The leadership of the FTQ and the Canadian Labor Congress have agreed to limit the solidarity of Canadian unions towards the Quebec student movement to the only channels they are able to control, with the aim of preventing as much as possible “potential illegal actions that would violate the law 78 to support the student movement“.
An exchange between the president of the FTQ, Michel Arsenault, and the president of the Canadian Labor Congress Ken Georgetti tells us that the leadership of the FTQ is worried that the solidarity between Canadian workers and the Quebec student movement does not go through their organization. Some rumors that unions affiliated with the CLC are planning to help the Quebec student movement confront the law 78 would be at the origin of this exchange.
Michel Arsenault describes the situation in Quebec as “very volatile” and is worried that a “radical wing calls for social strike“, adding that “we do not believe that this is THE strategy to promote at the moment“. Arsenault prefers “facilitate an agreement rather than fuel fires.” The FTQ justifies its request by brandishing the specter of hypothetical fines that could “put pressure on union resources and weaken our capacity for action“.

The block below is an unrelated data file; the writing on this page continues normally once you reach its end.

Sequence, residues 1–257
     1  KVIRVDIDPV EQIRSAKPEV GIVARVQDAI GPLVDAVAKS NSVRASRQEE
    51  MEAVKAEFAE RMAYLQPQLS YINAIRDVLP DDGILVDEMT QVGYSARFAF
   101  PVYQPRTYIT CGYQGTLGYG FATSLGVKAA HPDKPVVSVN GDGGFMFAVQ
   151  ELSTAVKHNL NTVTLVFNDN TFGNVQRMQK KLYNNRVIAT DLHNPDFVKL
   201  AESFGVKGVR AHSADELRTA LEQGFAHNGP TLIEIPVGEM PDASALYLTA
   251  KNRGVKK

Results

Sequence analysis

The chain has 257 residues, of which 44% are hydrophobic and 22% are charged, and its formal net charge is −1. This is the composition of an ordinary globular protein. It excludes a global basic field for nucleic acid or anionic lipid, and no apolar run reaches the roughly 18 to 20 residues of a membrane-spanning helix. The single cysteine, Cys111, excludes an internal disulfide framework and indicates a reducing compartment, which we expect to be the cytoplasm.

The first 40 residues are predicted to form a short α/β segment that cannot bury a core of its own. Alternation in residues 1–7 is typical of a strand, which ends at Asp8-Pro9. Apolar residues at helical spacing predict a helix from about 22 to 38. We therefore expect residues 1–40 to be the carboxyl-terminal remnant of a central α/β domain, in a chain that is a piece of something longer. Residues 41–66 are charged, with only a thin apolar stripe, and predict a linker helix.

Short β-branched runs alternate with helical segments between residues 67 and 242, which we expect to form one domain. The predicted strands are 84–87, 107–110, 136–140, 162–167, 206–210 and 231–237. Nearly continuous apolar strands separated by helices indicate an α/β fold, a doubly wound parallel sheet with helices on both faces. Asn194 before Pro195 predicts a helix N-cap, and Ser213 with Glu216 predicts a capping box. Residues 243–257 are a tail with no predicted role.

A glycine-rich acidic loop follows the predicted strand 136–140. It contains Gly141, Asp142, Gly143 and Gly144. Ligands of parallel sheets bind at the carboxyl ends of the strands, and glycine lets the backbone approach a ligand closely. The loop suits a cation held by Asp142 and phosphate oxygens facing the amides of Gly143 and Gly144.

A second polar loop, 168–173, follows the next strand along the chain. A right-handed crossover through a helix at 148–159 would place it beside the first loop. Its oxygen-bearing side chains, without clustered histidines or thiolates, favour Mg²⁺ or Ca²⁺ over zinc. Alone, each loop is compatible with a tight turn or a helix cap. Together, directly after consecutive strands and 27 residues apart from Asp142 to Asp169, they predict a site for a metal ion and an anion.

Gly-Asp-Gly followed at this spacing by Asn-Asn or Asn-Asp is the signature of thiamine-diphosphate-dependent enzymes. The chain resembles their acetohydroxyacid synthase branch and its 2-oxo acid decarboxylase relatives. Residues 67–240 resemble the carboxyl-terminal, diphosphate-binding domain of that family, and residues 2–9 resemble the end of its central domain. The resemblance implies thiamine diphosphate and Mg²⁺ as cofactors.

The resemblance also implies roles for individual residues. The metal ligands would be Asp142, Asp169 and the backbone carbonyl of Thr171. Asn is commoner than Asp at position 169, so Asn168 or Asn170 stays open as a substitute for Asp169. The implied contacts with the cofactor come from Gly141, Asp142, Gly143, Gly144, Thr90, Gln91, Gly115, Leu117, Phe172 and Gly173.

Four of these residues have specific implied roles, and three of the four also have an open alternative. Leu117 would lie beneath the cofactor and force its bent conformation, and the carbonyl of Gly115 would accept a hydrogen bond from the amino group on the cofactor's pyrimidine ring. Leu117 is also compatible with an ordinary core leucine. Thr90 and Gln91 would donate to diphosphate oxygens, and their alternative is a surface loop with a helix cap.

Even though he claims “not wanting to be excessively procedural“, Michel Arsenault takes refuge behind an agreement between the FTQ and the CTC that recognizes the Quebec central authority total jurisdiction over its territory and makes it the only authorized union representative. In return, Ken Georgetti reminds his affiliated organizations that the CLC is in regular contact with the FTQ and wishes to be the channel through which the solidarity of Canadian workers with the student movement passes..